Maestro W. D. Amaradeva created a distinctive genre of Sinhala music

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Renowned Sri Lankan vocalist, violinist and music composer W.D. Amaradeva passed away in a Colombo hospital on 3 November, just one month short of his 89th birthday. untitled-3

Millions of Lankan rasikas scattered throughout the world were saddened by Pandit Amaradeva’s death while the Government declared one week of national mourning in his honour. In an illustrious musical career spanning almost seven decades the maestro had firmly established himself as the most popular singing voice of the Sri Lankan nation. 

Born on 5 December 1927 to a Buddhist father and Christian mother in Moratuwa – a coastal town to the south of capital city Colombo – the singer changed his name Wannakuwatta Waduge Don Albert Perera to Amaradeva later on in his twenties. Amaradeva means immortal god or celestial being. To his innumerable fans Amaradeva’s music and singing remain immortal.

His singing style and voice captivated listeners. Indian academic and Rabindra Sangeet exponent Suchitra Mitra was once associated with Amaradeva at a performance in Colombo. Enchanted by Amaradeva’s singing, Suchitra Mitra lavishly complimented him saying – “Amaradeva just goes on singing in perfect ‘Sur’ and ‘Tal’ (‘tone’ and ‘rhythm’) and music gushes out of his throat like water from a fountain!”

His accomplishments were many. So too were the accolades he received. Apart from the Ramon Magsaysay award of Philippines dubbed as the Asian Nobel prize, Amaradeva also received the Ordre des Arts et des Lettres honour from France. Amaradeva is also the recipient of the ‘Kala Keerthi’ and ‘Deshamanya’ awards from the Sri Lankan Government. Three Lankan universities have conferred honorary doctorates on Amaradeva. In I972 Amaradeva composed the melody for the Maldivian National Anthem ‘Qaumii Salaam’. India bestowed the Padmashree upon him in 2002.untitled-6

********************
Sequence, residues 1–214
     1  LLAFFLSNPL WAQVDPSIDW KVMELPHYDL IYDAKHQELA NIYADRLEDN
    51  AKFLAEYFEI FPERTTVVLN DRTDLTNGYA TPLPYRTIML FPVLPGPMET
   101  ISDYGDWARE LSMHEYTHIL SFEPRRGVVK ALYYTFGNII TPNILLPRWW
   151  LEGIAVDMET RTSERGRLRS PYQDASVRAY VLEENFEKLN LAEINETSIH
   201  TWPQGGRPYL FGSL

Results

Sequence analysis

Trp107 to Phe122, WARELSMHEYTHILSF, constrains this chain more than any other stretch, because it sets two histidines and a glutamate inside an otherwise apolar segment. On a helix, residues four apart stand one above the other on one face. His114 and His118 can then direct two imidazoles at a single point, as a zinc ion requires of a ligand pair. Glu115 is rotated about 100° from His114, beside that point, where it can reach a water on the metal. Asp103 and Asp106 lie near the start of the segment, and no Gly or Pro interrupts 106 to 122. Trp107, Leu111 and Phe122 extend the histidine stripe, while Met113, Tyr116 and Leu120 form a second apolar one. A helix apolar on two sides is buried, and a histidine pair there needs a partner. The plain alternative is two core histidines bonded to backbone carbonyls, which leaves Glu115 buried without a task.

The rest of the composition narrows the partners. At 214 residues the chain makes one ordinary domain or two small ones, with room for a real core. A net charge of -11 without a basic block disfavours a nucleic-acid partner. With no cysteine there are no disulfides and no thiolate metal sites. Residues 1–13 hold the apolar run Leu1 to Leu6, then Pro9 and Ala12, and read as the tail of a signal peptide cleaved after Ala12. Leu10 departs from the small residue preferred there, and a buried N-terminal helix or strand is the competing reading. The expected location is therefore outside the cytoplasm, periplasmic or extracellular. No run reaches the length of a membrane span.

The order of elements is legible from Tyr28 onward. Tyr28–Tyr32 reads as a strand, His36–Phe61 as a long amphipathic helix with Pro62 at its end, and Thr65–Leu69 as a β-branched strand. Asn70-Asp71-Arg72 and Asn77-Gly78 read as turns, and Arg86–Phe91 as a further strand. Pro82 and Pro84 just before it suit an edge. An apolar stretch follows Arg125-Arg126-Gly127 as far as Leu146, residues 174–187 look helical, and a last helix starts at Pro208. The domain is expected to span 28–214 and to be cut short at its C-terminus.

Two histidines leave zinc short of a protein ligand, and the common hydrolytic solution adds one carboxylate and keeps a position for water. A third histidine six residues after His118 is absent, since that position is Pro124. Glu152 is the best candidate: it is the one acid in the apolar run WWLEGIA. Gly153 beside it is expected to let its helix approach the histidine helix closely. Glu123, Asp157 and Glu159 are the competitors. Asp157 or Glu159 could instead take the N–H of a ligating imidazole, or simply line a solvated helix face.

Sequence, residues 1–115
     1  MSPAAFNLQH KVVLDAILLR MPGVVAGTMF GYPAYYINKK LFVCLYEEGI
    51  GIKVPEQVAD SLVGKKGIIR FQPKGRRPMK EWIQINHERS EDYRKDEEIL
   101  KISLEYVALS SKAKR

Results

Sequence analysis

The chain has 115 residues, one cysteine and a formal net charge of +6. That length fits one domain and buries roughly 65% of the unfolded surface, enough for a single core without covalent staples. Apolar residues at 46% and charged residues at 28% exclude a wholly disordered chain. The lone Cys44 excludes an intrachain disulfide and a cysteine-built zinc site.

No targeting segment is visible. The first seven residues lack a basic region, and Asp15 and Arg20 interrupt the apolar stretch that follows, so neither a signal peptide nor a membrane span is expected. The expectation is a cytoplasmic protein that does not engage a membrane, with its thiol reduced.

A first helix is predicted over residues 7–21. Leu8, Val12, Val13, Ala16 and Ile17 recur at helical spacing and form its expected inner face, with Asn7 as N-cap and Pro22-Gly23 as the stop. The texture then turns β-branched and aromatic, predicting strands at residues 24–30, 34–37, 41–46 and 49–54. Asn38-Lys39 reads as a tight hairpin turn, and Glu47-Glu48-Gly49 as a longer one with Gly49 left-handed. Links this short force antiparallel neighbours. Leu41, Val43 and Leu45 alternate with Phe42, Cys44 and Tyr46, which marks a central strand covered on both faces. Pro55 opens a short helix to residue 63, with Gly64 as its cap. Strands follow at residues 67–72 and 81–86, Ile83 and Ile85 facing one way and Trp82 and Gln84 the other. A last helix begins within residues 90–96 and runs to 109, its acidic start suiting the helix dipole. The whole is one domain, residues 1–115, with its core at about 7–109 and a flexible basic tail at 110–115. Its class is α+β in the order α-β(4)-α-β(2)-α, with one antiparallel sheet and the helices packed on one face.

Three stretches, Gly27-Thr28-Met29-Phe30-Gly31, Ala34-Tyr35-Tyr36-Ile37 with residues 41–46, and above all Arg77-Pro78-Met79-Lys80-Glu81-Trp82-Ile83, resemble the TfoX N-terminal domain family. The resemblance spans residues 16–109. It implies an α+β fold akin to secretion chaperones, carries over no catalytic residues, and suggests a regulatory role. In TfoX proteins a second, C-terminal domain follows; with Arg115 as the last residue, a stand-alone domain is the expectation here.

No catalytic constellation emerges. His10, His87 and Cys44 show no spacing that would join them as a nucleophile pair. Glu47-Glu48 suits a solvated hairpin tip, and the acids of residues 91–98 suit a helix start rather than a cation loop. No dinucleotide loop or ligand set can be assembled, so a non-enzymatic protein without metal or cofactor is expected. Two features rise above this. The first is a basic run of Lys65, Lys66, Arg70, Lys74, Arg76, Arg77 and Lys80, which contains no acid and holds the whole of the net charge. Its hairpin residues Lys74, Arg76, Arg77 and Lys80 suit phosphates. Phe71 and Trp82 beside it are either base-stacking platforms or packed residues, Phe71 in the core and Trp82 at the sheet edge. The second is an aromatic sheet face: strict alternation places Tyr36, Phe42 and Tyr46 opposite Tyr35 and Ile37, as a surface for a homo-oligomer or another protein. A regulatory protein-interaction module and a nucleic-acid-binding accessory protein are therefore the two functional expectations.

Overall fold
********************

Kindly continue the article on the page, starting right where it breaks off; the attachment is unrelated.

Amaradeva’s destiny was linked in a significant way to India. When Amaradeva was an artiste at Sri Lanka’s broadcasting service known in those days as ‘Radio Ceylon,’ the Principal of Bhatkande Sangeet Vidyapeeth in Lucknow, Shrikrishna Narayan Ratnajankar arrived in Colombo to audition and grade performing artistes. Ratnajankar was highly impressed by Amaradeva’s talent and awarded him the highest recognition – supra-grade. He also invited the young musician to enrol himself at Bhatkande and study Indian classical music. 

There was a problem of finances. D.B. Dhanapala, the Editor of ‘Lankadeepa,’ began collecting funds through his Sinhala newspaper. Contributions poured in from readers and soon the required amount was raised. It was prior to leaving for Lucknow that Albert Perera was rechristened as Amaradeva.

 At Bhatkande Amaradeva came under the tutelage of the supreme violinist Vishnu Govind Jog who regarded the young Sri Lankan as a prized pupil and protégé. Amaradeva graduated after five years with two Visharads as both a violinist and vocalist. Though he was to shine in later years as a great singer, Amaradeva never forgot his first love, the violin. He would often intersperse his vocal recitals on stage with an interlude of instrumental music on his violin. Ratnajankar and Jog wanted Amaradeva to stay on in India and procured a teaching assignment for him in Nagpur. Amaradeva declined the offer gracefully and returned home.